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K.J. Hamler: 'Football brought me back to life' after surgeries, loss of grandma

Broncos receiver showed vulnerability, courage in addressing his return to practice
KJ Hamler Aug. 1.jpeg
Posted at 3:41 PM, Aug 01, 2022
and last updated 2022-08-01 20:18:14-04

ENGLEWOOD — K.J. Hamler walked out of the locker room Monday into the rest of his pro football career. Removed from the physically unable to perform list, Hamler practiced for the first time since undergoing surgeries on his hip — he had two pins and a plate inserted — and the ACL in his left knee last October.

He smiled, laughed, and went through a high-five routine with teammates Jerry Jeudy and Tim Patrick. The joy camouflaged his difficult road back. Hamler admitted in May that the isolation of rehab and the passing of his beloved grandmother, Ethel Gooding, left him in a dark place. Monday, Hamler showed courage, revealing that he considered taking his own life.

"At one point, I didn’t want to be here. I didn’t want to be in this world. At one point, I didn’t want to be on this earth anymore because I lost my grannie, and that really hurt me," Hamler said. "God gave me the strength to get out of that hole. He knew I was strong enough to, even if I didn’t think so at that time. Just getting out of that hole was very hard, very tough.”

Hamler began seeing a therapist. He grew up proving wrong people who doubted him because of his size. That resolve, however, prevented him from showing vulnerability. Hamler is a much better place now, able to contextualize his feelings with the support of others.

"The devil was on my back. I wish I asked for help sooner. My grandmother was like my mother. I called her every Monday. When I missed that call on Monday, we got the call on Saturday (that she had passed away). There was a lot of regret. I was holding a lot of regret. It still kind of haunts me even though I doing better now," Hamler said.

"At first, I didn’t talk to anybody. I was wrapped up in this cocoon. As a man, you are taught to be tough and block everything out. That’s not the prime example of masculinity. Sometimes you have to let it out. You keep stuff held in, you just bottle it up and bottle it up and keep piling it on and piling it on until you explode. I am not afraid anymore to let it be known I was going through these things. We are all human. We are going to have those up days and down days.”

Praise followed Hamler throughout his recovery. He elected to undergo his operations at the same time rather than have them a month apart as suggested. It led to a 40-pound weight loss and grueling first month. Hamler, 23, found a lighthouse in his faith, family and therapy. He is roughly 178 pounds, his normal playing weight, and motivated to make an impact in his third season.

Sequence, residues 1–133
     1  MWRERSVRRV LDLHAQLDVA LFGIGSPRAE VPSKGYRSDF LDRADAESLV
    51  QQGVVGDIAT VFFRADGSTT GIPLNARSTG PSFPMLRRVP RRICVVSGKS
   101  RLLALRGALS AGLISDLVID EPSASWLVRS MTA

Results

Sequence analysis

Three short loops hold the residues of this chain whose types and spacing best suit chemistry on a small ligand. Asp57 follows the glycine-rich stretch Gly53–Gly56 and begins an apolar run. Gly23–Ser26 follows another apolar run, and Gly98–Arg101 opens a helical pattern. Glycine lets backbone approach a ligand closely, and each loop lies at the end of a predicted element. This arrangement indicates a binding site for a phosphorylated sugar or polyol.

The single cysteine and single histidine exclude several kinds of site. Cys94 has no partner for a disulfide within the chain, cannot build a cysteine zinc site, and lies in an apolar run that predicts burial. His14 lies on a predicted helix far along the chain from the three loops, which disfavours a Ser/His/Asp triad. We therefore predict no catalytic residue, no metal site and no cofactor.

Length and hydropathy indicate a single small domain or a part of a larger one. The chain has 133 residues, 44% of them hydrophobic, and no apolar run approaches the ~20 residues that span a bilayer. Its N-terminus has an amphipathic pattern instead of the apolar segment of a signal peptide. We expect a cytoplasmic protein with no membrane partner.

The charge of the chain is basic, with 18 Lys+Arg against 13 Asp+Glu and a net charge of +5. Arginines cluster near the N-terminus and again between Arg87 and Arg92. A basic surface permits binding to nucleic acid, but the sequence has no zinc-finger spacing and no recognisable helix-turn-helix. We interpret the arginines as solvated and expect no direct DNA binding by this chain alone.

Even before Hamler spoke at the press conference, it was clear football has rejuvenated him.

"I take everyday, every step. I am blessed because I can get out of my bed and walk on two feet and some people can’t do that. I am very blessed that I am out here. Football brought me back to life and I am grateful," said Hamler, who spent Monday after practice hanging out with the kids in the family section, racing them and making them smile.

"To see where I am at from where I am started, there’s a big change. I am proud of myself. And I know my grandmother is proud.”

Hackett shows frustration
On the fifth day of his first training camp in charge, it happened. Coach Nathaniel Hackett showed frustration with his offense. Quarterback Russell Wilson recognized the urgency, and huddled players together and demanded better. What followed were the best two throws of camp. Wilson lofted a teardrop pass over cornerback Pat Surtain — he has made life miserable for the offense — and into the hands of Courtland Sutton for a red zone touchdown.

On the next play, Wilson found a wide open Jerry Jeudy on a crossing route for a score as it looked like there was miscommunication with nickel cornerback Essang Bassey, in for starter K'Waun Williams, who is day-to-day with a leg injury.

"I was upset because it had not been going very well. And Russell felt that and brought them up, which was great to try and get those guys back on track because that's what happens in a game," Hackett said. "You just have to continue to battle. It doesn't matter what the situation is."

Added left guard Dalton Risner, who has dropped from 325 to 301 pounds to better fit the wide zone blocking scheme, "We have to get started faster. That was not championship football."

The Broncos will go in full pads for the first time on Tuesday. It means the evaluation of the offensive and defensive lines will begin in earnest.

Receiver Tyrie Cleveland was hit in the throat and exited practice, but should be OK.